IAHS2022-267, updated on 23 Sep 2022
IAHS-AISH Scientific Assembly 2022
© Author(s) 2022. This work is distributed under
the Creative Commons Attribution 4.0 License.

Potential hydrological pathways using geoelectric and georadar in a covered glacier complex in the Chilean semiarid Andes

Gonzalo Navarro1,2, Shelley MacDonell2, and Rémi Valois3
Gonzalo Navarro et al.
  • 1Doctorado en Energía Agua y Medio Ambiente, Universidad de La Serena, Avenida Raúl Bitrán 1305, La Serena, Chile
  • 2Centro de Estudios Avanzados en Zonas Áridas – CEAZA, Raúl Bitrán 1305, La Serena, Chile
  • 3Environnement Méditerranéen et Modélisation des Agro-Hydrosystèmes, Université de Avignon - EMMAH, Domaine Saint-Paul, Site Agroparc 228, Avignon, France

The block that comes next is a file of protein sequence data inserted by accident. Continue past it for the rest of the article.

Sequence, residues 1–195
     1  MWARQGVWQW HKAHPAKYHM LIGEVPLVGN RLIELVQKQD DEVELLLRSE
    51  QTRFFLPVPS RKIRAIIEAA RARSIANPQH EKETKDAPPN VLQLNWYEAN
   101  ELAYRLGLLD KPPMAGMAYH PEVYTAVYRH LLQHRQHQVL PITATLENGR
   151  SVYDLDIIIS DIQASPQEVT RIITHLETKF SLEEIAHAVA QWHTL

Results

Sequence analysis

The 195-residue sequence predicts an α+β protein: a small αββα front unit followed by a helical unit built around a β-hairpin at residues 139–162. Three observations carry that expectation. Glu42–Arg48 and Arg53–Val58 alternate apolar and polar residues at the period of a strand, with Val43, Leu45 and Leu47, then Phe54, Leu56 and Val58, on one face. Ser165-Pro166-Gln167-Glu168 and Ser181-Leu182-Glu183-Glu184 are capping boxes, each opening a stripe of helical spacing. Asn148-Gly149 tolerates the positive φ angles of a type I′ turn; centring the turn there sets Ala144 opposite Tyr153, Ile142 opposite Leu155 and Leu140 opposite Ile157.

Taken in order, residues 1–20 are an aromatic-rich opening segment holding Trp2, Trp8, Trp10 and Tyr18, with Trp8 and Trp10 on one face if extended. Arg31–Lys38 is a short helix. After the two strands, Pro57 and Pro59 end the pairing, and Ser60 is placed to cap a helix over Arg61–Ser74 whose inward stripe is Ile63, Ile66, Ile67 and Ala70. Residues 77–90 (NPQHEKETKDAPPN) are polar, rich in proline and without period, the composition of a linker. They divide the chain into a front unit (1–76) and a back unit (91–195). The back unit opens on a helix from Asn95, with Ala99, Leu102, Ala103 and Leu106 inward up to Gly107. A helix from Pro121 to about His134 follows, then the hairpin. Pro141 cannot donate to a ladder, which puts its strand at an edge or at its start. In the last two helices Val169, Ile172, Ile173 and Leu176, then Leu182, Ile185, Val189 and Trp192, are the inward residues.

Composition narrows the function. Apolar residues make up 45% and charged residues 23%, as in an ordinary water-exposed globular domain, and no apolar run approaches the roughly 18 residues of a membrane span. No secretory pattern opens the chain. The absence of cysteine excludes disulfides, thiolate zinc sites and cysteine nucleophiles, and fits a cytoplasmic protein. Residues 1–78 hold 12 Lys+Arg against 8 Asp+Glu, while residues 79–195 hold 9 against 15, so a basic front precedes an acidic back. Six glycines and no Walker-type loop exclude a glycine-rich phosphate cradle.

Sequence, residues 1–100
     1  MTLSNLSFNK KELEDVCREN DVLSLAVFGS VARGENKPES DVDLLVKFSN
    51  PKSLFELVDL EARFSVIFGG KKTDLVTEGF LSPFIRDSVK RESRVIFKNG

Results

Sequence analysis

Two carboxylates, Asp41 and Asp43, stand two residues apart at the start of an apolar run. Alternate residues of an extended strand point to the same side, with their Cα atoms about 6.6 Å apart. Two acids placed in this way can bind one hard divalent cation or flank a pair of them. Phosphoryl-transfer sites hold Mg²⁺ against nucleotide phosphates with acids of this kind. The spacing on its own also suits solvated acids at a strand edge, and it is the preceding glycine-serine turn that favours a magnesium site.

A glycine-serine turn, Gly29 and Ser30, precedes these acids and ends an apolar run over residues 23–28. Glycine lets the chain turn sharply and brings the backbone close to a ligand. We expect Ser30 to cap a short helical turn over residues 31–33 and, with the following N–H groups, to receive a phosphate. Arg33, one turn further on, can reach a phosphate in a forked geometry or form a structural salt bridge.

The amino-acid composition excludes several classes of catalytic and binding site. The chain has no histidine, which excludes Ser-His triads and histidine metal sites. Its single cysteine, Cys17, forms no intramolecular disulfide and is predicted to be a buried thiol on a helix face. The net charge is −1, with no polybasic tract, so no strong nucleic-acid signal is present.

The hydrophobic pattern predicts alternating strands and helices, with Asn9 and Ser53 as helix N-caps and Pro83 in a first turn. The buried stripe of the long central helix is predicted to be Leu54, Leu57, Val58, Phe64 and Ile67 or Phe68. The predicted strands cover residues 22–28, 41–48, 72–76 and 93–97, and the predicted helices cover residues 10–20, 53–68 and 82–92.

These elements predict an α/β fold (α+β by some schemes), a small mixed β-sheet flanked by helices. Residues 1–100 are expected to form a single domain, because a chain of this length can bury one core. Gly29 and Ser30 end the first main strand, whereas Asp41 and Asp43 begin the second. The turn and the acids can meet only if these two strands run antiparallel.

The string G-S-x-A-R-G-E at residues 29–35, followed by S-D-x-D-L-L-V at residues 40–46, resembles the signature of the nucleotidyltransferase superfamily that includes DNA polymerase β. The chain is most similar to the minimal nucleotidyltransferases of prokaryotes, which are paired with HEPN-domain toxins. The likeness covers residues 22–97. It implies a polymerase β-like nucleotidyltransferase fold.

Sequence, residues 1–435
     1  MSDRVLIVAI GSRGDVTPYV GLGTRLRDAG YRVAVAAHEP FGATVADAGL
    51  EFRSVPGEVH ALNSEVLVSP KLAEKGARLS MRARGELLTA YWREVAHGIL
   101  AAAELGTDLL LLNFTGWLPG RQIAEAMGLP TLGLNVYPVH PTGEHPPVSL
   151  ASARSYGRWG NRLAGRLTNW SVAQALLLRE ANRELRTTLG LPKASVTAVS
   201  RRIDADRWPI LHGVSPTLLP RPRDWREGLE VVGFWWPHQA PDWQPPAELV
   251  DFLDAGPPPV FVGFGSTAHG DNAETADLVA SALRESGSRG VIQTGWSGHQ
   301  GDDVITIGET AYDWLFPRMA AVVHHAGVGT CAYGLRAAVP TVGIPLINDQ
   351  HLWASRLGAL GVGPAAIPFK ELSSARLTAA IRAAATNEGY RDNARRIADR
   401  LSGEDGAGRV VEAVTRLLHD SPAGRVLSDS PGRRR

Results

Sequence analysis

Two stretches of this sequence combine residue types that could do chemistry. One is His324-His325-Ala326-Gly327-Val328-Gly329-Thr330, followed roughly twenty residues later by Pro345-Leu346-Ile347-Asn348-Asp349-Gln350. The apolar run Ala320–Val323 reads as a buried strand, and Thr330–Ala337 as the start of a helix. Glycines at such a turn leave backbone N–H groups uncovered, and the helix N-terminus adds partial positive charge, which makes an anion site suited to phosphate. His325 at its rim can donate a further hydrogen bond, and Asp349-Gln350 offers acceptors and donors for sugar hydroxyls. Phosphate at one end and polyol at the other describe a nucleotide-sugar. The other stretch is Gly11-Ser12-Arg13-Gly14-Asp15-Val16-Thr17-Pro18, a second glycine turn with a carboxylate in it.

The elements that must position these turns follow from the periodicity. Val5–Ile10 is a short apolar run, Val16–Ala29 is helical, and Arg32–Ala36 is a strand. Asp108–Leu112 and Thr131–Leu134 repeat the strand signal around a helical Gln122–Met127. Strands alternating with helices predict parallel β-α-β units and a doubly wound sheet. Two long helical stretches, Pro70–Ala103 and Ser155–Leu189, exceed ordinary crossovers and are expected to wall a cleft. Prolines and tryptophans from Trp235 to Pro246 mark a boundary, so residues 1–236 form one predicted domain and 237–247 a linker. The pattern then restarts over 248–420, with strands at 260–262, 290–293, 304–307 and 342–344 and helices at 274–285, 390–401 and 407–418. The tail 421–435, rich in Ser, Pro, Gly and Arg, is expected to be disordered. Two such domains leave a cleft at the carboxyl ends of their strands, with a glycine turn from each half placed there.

Rock glaciers play an important hydrological role in the semiarid Andes (SA; 27°-35°S). They cover about three times the area of uncovered glaciers and represent important contribution to streamflow when water is needed most. For this reason, their role in freshwater production, transfer and storage is likely to be of primary importance. Their internal composition (i.e. ice, water, debris and air) and distribution (e.g. ice lenses, massive ice, hydrological channels) determine how water is transfer through the geoform. To understand such processes, geophysical surveys were conducted in the Tapado glacier complex in the Chilean SA (30°S; above 4200 masl), which could be regarded as the biggest and most relevant ‘water tower’ of the Elqui River catchment. Electrical Resistivity Tomography (ERT) and Ground Penetrating Radar (GPR) were used and qualitatively combined to delineate potential hydrological routing pathways on the debris-covered and rock glacier, which are part of the complex glacier. The media is characterized by high resistivities and a general pattern of increasing resistivities with depth, associated with the presence of buried ice. Radargrams shows diffraction linked to boulders presence, but strong and diffuse reflectors indicative of ice lenses or massive ice were also recognized. The results suggest that while the covered glacier shows probable hydrological routing zones exclusively in the area above the massive ice, the rock glacier would have more hydrological transfer routes downstream due to its fragmented ice structure, with vertical passages that could conduct water channeled from the thawing ice or from water coming from upstream. This work reinforces the valuable use of geophysical methods in exploring the internal structure of geoforms with ice contained below rock blocks. In addition, it allows to improve the understanding of headwaters in snow and ice melt driven hydrological system, where rock glaciers represent an important unknown when developing models of energy and mass flow (e.g. water), and how these flows interact with adjacent geoforms (e.g. moraines, valleys, peatland).